Monday, 26 April 2010

The WireWorkers Guild




















CAN YOU DO A

J I G ?

I often get asked about
the pros and cons of
using a JIG. So I thought
I would share my

experiences and hope
to hear about yours ...


If you've never heard of or used a jig tool for
jewellery purposes, it is simply a grid of evenly
spaced holes (set either on a
square or diagonal pattern)
with separate pegs that can
be propped into the holes to
enable wire to be wrapped around,creating decorative wire units and
motifs that can be used in jewellery
making.

The advantage of using this
tool is that you can re-create
complex wire motifs in duplicate,
ensuring each piece remains
the same shape and size. It

is also recommended for anyone
who finds pliers difficult to
manipulate.

You can make your own jig
by hammering long nails through a block of wood in a chosen pattern. The block can then secured onto a table with a vice and wire can be wrapped around the nails jutting through the wood.
However, there are many styles of jig that can be purchased from bead suppliers (ranging from steel to perspex bases) with removable pegs of different gauges - and these ready made tools provide you with a wealth of experimentation!




PROS:
as mentioned
earlier, jigs are great
for anyone who finds
pliers difficult to use.

You can re-create
uniform wire units of
the same size and shape.
Therefore, excellent for
earring hangers and
chain units.



CONS:
As there are many varied
styles and types of jigs on the market,
you will find it difficult to follow printed
pattern instructions, as some are based
on a square grid, whilst others on a
diagonal grid system. Therefore, you
will have to be prepared to adapt patterns
slightly, to accommodate your jig type.

Not only do the grids vary, but also the
size of pegs - so once again, you will need
to check wire measurements.

GETTING STARTED

There are a few key tactics to getting
started:

STRING
1. Once you have decided on your pattern, your pegs are set in the required design ... Cut a piece of string or cord (approx. the same gauge as your wire) and wrap it around the pegs, following the pattern. Not only will this re-affirm the design and placing of the pegs, but it will also provide you with the measurement of wire required for wrapping.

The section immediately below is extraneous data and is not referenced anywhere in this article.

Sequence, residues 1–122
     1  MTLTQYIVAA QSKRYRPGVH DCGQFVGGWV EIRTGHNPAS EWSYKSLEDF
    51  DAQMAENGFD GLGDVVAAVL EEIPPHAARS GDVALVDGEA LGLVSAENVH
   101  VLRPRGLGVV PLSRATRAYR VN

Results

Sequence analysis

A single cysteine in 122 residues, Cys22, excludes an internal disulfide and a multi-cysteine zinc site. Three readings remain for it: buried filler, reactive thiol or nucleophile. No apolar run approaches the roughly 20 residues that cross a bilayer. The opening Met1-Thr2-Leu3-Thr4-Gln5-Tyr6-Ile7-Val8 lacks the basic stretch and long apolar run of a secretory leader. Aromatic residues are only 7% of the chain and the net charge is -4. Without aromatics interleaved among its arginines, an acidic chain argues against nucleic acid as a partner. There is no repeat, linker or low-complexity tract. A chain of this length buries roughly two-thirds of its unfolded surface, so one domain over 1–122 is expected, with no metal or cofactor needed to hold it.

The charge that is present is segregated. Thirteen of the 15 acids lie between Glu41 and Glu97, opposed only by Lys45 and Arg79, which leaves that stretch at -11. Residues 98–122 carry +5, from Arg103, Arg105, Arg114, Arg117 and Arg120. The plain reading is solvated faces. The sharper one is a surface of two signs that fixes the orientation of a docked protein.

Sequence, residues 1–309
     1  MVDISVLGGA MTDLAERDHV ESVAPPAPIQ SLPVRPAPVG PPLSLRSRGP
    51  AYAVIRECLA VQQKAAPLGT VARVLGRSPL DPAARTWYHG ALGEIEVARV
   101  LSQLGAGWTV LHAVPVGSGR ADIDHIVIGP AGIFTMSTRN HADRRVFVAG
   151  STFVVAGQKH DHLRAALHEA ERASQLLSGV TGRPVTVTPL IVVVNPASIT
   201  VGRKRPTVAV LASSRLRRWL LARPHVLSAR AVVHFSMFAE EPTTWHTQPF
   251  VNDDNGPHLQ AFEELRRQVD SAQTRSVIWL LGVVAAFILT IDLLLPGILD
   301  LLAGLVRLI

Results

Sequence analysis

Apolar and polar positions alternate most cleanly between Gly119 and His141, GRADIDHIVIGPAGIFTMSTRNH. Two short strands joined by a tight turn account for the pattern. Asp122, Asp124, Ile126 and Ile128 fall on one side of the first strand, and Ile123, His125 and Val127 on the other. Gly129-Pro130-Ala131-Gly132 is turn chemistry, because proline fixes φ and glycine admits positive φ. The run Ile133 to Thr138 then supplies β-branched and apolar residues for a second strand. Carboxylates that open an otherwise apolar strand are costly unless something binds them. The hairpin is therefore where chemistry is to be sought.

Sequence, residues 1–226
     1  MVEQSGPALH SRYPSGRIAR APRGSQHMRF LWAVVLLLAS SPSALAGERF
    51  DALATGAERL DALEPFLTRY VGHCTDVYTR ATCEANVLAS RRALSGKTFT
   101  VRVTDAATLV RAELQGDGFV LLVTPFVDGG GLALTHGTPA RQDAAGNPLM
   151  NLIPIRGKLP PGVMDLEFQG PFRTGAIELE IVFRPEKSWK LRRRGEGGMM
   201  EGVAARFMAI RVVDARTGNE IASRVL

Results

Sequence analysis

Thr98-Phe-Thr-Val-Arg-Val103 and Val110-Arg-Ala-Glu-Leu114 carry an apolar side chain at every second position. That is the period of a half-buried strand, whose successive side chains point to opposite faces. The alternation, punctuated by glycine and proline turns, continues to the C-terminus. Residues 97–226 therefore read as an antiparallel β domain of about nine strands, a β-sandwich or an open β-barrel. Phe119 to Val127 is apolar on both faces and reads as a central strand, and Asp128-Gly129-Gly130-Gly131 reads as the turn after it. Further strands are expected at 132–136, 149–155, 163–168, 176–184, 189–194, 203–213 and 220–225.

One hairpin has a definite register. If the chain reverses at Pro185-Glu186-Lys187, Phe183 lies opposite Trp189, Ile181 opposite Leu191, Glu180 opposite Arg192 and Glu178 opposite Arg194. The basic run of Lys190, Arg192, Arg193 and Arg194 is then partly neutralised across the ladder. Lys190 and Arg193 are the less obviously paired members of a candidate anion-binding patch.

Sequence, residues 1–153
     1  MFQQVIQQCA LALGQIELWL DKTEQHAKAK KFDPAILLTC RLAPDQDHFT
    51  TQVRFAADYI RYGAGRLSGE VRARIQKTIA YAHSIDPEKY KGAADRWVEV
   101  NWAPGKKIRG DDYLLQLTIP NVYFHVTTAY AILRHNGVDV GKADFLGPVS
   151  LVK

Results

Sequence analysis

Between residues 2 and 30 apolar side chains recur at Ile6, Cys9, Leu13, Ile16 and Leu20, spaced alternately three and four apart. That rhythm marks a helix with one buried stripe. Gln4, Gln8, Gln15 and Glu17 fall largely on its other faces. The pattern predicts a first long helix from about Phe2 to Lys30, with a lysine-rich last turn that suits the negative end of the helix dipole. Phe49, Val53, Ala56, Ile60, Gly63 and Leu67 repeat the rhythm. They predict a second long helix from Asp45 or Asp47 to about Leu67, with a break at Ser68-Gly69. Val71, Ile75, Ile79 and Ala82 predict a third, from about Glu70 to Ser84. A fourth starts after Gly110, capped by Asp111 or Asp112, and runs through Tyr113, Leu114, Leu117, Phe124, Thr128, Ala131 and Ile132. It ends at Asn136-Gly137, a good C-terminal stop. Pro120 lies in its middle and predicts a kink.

ANCHOR LOOP
2. Once you have cut your wire, ready for wrapping, create a circular loop at one end using your round nosed pliers. Ensure that this loop fits and slides neatly over the first peg of your chosen pattern. This loop will create the anchor to the unit, keeping the wire fixed to your grid.

PUSH DOWN
3. As you wrap the wire around the pegs keep it straight and taught and continually push it down to the base of the pegs in order for the motif to remain reasonably flat and to remove some of the elasticity in the wire. You can push it down using nylon jawed pliers, or a mixture of your fingers and plier tips. If you don't remove any of the elasticity (or "spring") in the wire, you will find that when you remove the wire unit from the pegs, it can spring out of shape!

STROKE HAMMER
4. Once you have carefully removed the wire from the pegs, very gently 'stroke' hammer the unit on a steel stake to flatten and work-harden it. Be very careful not to hammer over crossed over wires as this will weaken them - just squeeze them in the jaws of your flat nosed pliers to flatten.